I should have reviewed After Eden by now since I bought the thing on release day but like many things, I never got around to it. Even after watching the live DVD that arrived last week I still don’t have a burning desire to write about it; I don’t think it’s the strongest offering from them so far but there are some great tracks on there so I like it and still recommend it. What was interesting though was the unexpected response I received from my “Kalafina live blu-ray arrived! Awesome night in!” Facebook status update I posted late last week.
Relevant to the interests of sixty-something motorbike-riding UK rock fans, apparently
I’m sure those of you who share my tastes in Japanese music, art, entertainment, culture and whatnot will have your own stories about what families and friends think…a lot of that depends on whether you make a public show of it, but some of us are surrounded by like-minded people while some of us…well, aren’t.
One of the first things I learned when getting into Jpop/Jrock was this: never judge a band by their name. Mass of the Fermenting Dregs (or Masu Dore to their fans) seem to follow the same path as the likes of School Food Punishment and Bump of Chicken in the sense that their name has no relation whatsoever to the music (for the record, Mogwai are also quoted as saying “it [their name] has no significant meaning and we always intended on getting a better one, but like a lot of other things we never got round to it.” so I guess it’s not a Japanese thing either).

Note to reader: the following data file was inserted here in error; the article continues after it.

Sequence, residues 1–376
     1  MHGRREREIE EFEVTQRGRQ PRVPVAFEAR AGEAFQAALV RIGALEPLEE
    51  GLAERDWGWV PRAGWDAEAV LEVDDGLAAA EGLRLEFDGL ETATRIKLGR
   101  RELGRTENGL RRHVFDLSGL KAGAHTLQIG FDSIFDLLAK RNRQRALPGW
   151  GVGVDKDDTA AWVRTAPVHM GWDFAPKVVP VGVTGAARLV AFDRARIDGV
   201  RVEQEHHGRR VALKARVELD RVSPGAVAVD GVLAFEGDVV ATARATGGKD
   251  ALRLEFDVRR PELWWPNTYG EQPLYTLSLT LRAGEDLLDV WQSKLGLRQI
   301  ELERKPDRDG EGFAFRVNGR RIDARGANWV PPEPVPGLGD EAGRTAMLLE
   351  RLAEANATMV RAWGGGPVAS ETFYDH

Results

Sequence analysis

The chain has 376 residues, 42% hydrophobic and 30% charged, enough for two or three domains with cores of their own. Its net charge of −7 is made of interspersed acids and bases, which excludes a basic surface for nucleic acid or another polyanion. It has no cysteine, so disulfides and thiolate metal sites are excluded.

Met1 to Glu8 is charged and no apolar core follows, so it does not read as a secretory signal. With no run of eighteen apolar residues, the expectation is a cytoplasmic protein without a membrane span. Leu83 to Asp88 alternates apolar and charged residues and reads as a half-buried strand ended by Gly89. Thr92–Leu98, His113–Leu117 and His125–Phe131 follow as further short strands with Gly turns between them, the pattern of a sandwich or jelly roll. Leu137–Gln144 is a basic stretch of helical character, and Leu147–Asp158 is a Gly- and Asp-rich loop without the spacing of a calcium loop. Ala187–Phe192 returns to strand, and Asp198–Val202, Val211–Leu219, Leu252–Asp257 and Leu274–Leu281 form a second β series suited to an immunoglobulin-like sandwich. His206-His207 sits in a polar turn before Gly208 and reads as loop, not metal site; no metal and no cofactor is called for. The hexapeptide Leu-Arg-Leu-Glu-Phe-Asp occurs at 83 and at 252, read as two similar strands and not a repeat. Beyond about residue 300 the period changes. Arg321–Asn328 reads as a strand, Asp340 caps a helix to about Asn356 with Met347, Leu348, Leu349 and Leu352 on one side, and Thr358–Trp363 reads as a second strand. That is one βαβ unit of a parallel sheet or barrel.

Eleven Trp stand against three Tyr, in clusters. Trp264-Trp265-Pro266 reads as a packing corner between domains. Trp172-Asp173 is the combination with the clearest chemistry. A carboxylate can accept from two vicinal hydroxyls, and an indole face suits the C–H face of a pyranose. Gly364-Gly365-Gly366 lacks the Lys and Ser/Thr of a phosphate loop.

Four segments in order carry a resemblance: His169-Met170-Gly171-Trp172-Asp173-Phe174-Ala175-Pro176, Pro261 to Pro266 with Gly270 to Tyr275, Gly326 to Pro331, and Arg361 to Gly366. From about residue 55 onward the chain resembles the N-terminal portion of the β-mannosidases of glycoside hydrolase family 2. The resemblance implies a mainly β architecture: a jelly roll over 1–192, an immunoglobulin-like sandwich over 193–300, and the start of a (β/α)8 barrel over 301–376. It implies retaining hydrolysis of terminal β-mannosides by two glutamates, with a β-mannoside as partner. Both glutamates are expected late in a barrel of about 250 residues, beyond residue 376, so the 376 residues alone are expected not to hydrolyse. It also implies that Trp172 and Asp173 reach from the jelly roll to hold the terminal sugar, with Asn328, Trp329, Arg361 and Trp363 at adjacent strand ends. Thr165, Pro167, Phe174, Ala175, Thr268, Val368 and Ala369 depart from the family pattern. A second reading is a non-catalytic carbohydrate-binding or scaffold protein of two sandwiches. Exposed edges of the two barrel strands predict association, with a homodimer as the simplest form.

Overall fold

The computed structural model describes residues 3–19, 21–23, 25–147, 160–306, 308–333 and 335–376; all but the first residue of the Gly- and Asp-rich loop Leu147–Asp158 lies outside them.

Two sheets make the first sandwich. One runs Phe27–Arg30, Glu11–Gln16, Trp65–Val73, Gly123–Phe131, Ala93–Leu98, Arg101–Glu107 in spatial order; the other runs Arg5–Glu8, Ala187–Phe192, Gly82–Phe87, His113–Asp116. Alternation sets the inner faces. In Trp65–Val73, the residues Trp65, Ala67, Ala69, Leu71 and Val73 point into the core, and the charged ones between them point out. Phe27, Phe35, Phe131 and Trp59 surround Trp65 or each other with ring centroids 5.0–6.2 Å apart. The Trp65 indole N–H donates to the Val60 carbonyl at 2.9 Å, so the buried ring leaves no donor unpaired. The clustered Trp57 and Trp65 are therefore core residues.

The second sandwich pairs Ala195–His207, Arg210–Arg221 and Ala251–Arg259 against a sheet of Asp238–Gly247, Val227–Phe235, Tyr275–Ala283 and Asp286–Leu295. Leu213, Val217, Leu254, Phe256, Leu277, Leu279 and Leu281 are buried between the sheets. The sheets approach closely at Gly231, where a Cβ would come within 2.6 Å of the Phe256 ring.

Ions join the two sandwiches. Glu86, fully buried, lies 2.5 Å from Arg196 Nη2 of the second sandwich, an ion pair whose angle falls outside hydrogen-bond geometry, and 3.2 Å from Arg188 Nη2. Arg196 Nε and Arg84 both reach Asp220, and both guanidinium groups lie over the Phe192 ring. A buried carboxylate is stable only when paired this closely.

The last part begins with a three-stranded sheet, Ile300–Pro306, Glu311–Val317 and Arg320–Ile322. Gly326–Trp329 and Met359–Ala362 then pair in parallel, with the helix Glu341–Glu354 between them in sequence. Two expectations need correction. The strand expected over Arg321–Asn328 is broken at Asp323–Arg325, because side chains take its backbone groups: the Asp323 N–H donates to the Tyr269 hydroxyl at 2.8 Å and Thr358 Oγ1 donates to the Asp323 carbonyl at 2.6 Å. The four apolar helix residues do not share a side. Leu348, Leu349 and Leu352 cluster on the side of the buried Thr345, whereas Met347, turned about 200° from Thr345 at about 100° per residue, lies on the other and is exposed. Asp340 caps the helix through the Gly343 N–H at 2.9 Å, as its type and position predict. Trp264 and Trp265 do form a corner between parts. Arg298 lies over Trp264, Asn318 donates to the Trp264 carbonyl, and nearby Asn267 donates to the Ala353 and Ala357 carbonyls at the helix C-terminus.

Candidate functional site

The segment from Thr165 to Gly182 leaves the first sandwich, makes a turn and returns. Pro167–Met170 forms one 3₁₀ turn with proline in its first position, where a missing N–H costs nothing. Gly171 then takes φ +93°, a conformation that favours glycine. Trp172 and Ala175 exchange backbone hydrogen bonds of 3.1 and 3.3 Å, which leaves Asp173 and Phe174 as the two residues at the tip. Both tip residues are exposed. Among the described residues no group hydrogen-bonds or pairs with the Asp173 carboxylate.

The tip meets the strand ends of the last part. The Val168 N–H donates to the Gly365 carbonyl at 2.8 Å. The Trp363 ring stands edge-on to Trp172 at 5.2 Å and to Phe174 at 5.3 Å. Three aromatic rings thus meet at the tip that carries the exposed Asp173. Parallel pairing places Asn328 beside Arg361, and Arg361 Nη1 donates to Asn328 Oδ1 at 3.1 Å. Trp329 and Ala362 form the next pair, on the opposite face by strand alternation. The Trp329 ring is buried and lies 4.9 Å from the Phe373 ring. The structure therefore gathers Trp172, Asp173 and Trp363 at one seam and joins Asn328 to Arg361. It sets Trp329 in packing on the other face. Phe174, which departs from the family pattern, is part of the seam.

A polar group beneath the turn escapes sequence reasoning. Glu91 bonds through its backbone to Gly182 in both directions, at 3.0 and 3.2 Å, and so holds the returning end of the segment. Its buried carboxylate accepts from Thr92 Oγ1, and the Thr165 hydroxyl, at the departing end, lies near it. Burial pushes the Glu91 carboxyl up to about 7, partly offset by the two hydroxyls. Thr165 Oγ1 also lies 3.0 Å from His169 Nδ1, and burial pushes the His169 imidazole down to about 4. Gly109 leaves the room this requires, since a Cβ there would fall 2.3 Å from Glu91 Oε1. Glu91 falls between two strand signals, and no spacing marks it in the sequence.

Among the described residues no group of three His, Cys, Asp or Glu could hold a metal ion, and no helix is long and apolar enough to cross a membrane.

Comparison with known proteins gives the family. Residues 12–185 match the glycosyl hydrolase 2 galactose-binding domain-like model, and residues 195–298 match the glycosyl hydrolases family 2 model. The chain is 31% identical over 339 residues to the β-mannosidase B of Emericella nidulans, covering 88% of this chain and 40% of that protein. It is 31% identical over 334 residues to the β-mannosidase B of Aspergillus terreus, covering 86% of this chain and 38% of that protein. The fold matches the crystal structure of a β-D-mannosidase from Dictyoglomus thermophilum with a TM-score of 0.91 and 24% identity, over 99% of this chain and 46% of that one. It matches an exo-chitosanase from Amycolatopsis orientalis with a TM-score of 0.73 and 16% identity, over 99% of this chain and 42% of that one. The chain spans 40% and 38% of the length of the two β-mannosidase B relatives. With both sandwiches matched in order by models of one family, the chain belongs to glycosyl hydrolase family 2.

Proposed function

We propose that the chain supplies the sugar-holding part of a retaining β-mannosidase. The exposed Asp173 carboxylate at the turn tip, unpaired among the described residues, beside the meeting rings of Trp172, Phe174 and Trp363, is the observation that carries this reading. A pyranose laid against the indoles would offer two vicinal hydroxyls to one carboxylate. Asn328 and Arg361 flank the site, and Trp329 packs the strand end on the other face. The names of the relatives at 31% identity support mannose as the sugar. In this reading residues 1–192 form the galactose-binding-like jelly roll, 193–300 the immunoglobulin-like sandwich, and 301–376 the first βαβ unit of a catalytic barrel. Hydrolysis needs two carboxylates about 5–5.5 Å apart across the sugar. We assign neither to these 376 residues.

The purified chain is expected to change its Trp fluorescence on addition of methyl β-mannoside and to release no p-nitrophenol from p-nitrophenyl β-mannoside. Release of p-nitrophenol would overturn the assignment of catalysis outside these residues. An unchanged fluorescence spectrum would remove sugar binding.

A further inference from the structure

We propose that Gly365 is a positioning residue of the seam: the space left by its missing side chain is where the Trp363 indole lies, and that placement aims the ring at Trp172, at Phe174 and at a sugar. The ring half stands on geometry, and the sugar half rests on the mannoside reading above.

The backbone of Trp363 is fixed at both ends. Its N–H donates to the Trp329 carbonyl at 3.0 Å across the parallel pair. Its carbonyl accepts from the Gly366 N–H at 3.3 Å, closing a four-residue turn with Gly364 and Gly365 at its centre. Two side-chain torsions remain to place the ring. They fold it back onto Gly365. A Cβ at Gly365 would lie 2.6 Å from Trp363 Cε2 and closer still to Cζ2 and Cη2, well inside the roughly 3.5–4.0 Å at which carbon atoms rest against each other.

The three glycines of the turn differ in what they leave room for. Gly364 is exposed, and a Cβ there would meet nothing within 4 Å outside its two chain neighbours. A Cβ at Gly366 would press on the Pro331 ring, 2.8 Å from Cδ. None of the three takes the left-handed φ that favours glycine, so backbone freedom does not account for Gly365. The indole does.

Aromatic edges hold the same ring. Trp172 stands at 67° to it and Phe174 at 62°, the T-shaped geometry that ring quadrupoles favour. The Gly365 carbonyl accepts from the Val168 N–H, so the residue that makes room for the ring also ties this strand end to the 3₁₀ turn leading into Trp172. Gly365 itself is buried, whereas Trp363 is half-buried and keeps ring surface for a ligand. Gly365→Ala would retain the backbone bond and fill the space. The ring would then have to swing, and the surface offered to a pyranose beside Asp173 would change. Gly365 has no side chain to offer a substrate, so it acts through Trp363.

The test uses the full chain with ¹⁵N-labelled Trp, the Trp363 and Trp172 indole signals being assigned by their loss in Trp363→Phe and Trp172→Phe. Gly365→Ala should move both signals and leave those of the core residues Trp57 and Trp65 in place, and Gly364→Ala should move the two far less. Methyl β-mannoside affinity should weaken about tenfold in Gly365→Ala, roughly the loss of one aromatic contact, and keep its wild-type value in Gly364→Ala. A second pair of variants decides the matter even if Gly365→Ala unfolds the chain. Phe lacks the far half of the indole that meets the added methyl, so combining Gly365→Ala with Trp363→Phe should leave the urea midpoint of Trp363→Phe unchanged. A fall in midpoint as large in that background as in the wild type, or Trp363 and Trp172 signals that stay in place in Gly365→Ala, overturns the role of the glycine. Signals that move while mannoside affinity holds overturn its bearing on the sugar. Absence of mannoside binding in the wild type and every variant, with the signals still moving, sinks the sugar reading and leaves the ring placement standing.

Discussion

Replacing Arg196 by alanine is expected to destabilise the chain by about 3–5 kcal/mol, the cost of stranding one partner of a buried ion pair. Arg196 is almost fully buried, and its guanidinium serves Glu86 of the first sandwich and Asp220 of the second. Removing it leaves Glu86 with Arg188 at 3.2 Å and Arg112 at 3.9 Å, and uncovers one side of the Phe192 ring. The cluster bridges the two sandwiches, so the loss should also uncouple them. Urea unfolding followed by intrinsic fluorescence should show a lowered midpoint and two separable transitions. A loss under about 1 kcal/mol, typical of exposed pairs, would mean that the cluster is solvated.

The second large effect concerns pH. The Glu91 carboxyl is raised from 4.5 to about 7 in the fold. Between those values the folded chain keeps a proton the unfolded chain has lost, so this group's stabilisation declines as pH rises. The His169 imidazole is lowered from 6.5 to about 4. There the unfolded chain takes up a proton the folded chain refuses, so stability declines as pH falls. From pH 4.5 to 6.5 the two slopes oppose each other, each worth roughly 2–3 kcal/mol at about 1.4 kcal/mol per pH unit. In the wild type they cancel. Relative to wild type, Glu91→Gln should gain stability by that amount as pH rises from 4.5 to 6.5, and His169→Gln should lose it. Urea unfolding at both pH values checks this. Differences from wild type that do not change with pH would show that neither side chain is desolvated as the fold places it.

Their sound is described as partly shoegaze, but to my ears the similarities are somewhat limited next to the early-90s bands of that genre; they do make use of the female vocals paired with distorted guitar-based arrangements and they also strike a balance between catchy melodies and experimental noise though. The songs are also quite punk/new wave- and powerpop-influenced so I’d say they share as much with the pillows and early Supercar as, say, My Bloody Valentine or Slowdive.
I wish it were easier for us overseas listeners to sample the eclectic and inventive independent Japanese music scene. We often have to rely on the efforts of bilingual fellow fans and/or word of mouth, which was how I discovered the instrumental five-piece mudy on the 昨晩 (the kana segment of their name is pronounced ‘sakuban’). Thanks to the wonders of the internet I was impressed enough with their full-length debut Pavilion to import the CD. Who says online music file-sharing is bad for record sales? ^_^